Resolution by the Parliamentary Assembly of the Council of Europe

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The Council of Europe is an international organization founded in the wake of World War II to uphold human rights, democracy and the rule of law in Europe. Founded in 1949, it has 47 member states,[1] with a population of approximately 820 million, and operates with an annual budget of approximately 500 million euros.

The Council of Europe was founded the year after the General Assembly of the United Nations adopted the Universal Declaration of Human Rights.[2]

European Convention on Human Rights (1950)

The European Convention on Human Rights (ECHR) (formally the Convention for the Protection of Human Rights and Fundamental Freedoms) is an international convention to protect human rights and political freedoms in Europe. Drafted in 1950 by the then newly formed Council of Europe,[3] the convention entered into force on 3 September 1953. All Council of Europe member states are parties to the Convention and new members are expected to ratify the convention at the earliest opportunity.

European Convention on Human Rights

The European Convention on Human Rights provides legal recognition of various human rights in the nations which are state-parties to the convention. The list of human rights is similar to but not identical to that provided by the United Nations.[4] The list of human rights have been revised several times since its inception in 1950 by the publication of "protocols".

Original 1950 version:

ECHR as amended:

European Court of Human Rights

The Convention established the European Court of Human Rights (ECHR), which sits at Strasbourg. Any person who feels their rights have been violated under the Convention by a state-party can take a case to the Court. Judgments finding violations are binding on the States concerned and they are obliged to execute them. The Committee of Ministers of the Council of Europe monitors the execution of judgements, particularly to ensure payment of the amounts awarded by the Court to the applicants in compensation for the damage they have sustained.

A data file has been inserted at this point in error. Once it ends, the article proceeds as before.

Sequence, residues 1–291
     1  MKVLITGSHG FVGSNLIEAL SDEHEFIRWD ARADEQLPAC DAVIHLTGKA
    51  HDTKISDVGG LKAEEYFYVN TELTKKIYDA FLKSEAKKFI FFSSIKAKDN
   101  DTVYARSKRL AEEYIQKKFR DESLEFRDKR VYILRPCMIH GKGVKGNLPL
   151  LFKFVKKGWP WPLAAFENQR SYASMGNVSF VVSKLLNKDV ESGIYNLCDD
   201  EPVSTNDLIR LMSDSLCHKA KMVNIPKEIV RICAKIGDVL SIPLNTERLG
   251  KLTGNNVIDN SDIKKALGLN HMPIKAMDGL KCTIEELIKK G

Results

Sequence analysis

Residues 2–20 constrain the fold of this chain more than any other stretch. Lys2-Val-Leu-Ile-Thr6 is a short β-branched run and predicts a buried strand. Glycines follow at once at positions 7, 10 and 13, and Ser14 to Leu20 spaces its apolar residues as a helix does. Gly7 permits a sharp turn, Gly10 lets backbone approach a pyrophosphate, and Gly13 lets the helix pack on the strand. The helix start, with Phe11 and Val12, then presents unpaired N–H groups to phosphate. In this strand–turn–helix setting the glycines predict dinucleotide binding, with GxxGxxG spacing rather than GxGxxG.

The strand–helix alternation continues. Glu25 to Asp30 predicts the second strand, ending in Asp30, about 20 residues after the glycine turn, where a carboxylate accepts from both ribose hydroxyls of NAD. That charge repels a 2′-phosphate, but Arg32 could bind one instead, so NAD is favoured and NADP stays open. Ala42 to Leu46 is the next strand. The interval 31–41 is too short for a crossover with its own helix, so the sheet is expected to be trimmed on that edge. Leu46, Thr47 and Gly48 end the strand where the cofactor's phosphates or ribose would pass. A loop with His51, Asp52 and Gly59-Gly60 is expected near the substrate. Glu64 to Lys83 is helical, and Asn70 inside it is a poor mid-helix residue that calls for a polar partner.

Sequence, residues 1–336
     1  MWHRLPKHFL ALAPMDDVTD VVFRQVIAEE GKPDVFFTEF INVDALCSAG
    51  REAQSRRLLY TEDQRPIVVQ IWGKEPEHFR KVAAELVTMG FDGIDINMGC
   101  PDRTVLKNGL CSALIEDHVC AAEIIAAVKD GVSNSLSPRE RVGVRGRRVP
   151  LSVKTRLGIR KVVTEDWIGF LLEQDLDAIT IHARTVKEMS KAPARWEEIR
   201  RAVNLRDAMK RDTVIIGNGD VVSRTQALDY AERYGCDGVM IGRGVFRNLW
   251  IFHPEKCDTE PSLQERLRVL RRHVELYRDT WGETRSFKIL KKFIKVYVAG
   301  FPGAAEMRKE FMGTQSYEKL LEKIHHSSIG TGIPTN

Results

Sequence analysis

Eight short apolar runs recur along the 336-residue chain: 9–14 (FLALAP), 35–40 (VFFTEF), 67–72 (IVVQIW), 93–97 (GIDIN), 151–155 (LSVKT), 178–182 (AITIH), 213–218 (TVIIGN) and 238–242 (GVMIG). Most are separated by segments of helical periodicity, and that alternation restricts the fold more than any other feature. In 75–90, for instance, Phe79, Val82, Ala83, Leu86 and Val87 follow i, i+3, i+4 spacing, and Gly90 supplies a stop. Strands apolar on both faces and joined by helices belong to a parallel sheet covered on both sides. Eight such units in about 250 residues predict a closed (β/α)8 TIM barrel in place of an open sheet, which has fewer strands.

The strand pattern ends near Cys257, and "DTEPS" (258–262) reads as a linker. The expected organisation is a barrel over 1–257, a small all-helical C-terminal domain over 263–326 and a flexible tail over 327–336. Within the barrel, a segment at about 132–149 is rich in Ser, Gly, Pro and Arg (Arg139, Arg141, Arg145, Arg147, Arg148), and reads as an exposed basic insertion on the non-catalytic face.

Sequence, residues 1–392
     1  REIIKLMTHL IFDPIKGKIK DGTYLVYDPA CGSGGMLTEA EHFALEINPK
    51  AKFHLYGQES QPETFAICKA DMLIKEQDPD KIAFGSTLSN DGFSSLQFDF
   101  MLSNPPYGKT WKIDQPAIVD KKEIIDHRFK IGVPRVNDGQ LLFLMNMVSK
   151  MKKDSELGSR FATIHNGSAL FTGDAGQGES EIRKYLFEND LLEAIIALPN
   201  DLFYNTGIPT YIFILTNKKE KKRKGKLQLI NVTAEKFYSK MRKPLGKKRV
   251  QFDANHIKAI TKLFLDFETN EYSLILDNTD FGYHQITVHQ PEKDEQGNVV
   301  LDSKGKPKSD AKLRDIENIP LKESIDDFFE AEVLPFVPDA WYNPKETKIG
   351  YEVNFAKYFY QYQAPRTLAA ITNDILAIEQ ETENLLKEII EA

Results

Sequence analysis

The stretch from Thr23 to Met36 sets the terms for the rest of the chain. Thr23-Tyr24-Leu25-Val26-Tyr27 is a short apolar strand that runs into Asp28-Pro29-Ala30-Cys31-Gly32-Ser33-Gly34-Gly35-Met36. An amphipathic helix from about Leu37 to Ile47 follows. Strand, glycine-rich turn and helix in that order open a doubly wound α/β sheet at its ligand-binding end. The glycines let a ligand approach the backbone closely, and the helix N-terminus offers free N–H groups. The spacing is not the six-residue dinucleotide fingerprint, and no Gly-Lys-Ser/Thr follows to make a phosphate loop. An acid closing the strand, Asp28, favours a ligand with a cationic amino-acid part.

Protection of physical integrity of boys

Committee report

The adoption of Resolution 1952 was preceeded by hearings in the Committee on Social Affairs, Health and Sustainable Development, presided over by Rapporteur Marlene Rupprecht, SOC. After the conclusion of the hearings, Rapporteur Marlene Rupprecht issued Document 13297, entitled Children's right to physical integrity.[5]

With regard to non-therapeutic circumcision of boys, the report stated in part:

   2.1.  Male circumcision of young boys

13.  Male circumcision is the surgical removal of some or all of the foreskin (or prepuce) from the penis. It is probably the oldest identified and the most frequently performed optional surgical procedure for males throughout the world. Neonatal circumcision or circumcision on young boys may be performed for medical, cultural or religious reasons. It is a widely observed religious practice performed almost universally in Jewish and Muslim communities.

14.  However, the procedure is increasingly questioned and its perception is changing in the light of growing awareness for children’s human rights. Even within religious communities, an increasing number of people have started questioning traditional but harmful practices and looking for alternatives. Having explored this issue in detail during the recent legislative debate in my own country, Germany, I would like to show why circumcision applied to young boys clearly is a human rights violation against children, although it is so widely performed both in the medical and in the religious context.